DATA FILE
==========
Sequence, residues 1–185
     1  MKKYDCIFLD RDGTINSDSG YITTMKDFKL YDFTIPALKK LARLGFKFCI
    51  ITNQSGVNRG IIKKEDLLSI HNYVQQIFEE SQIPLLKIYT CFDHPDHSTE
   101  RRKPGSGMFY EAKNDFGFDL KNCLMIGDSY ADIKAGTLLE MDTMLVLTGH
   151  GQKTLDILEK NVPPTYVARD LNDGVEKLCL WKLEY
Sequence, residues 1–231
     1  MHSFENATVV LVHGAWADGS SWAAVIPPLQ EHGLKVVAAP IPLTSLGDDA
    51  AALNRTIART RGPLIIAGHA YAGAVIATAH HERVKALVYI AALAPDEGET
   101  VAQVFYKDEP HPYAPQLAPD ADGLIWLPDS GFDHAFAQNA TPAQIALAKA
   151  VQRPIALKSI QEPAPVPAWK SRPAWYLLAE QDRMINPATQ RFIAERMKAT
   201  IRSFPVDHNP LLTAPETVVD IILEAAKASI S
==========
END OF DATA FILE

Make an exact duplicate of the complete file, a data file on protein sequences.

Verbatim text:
Sequence, residues 1–185
     1  MKKYDCIFLD RDGTINSDSG YITTMKDFKL YDFTIPALKK LARLGFKFCI
    51  ITNQSGVNRG IIKKEDLLSI HNYVQQIFEE SQIPLLKIYT CFDHPDHSTE
   101  RRKPGSGMFY EAKNDFGFDL KNCLMIGDSY ADIKAGTLLE MDTMLVLTGH
   151  GQKTLDILEK NVPPTYVARD LNDGVEKLCL WKLEY
Sequence, residues 1–231
     1  MHSFENATVV LVHGAWADGS SWAAVIPPLQ EHGLKVVAAP IPLTSLGDDA
    51  AALNRTIART RGPLIIAGHA YAGAVIATAH HERVKALVYI AALAPDEGET
   101  VAQVFYKDEP HPYAPQLAPD ADGLIWLPDS GFDHAFAQNA TPAQIALAKA
   151  VQRPIALKSI QEPAPVPAWK SRPAWYLLAE QDRMINPATQ RFIAERMKAT
   201  IRSFPVDHNP LLTAPETVVD IILEAAKASI S